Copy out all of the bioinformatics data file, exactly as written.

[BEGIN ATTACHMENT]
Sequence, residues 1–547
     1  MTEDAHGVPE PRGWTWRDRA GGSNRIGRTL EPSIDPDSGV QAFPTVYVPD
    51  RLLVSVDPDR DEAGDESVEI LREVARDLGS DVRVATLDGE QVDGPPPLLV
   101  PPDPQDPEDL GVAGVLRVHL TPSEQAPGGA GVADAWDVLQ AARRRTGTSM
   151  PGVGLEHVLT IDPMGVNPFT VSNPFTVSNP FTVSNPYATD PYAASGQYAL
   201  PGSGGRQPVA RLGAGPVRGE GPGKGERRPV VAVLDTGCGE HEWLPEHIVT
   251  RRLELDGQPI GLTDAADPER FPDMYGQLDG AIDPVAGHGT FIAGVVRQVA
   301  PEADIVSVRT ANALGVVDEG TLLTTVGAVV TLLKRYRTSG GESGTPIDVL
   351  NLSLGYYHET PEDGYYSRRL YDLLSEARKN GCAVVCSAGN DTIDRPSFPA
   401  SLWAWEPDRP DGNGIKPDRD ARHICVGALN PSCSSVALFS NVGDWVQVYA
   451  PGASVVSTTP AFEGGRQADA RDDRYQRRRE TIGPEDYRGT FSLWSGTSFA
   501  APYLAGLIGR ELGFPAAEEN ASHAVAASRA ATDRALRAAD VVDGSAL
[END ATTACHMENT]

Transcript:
Sequence, residues 1–547
     1  MTEDAHGVPE PRGWTWRDRA GGSNRIGRTL EPSIDPDSGV QAFPTVYVPD
    51  RLLVSVDPDR DEAGDESVEI LREVARDLGS DVRVATLDGE QVDGPPPLLV
   101  PPDPQDPEDL GVAGVLRVHL TPSEQAPGGA GVADAWDVLQ AARRRTGTSM
   151  PGVGLEHVLT IDPMGVNPFT VSNPFTVSNP FTVSNPYATD PYAASGQYAL
   201  PGSGGRQPVA RLGAGPVRGE GPGKGERRPV VAVLDTGCGE HEWLPEHIVT
   251  RRLELDGQPI GLTDAADPER FPDMYGQLDG AIDPVAGHGT FIAGVVRQVA
   301  PEADIVSVRT ANALGVVDEG TLLTTVGAVV TLLKRYRTSG GESGTPIDVL
   351  NLSLGYYHET PEDGYYSRRL YDLLSEARKN GCAVVCSAGN DTIDRPSFPA
   401  SLWAWEPDRP DGNGIKPDRD ARHICVGALN PSCSSVALFS NVGDWVQVYA
   451  PGASVVSTTP AFEGGRQADA RDDRYQRRRE TIGPEDYRGT FSLWSGTSFA
   501  APYLAGLIGR ELGFPAAEEN ASHAVAASRA ATDRALRAAD VVDGSAL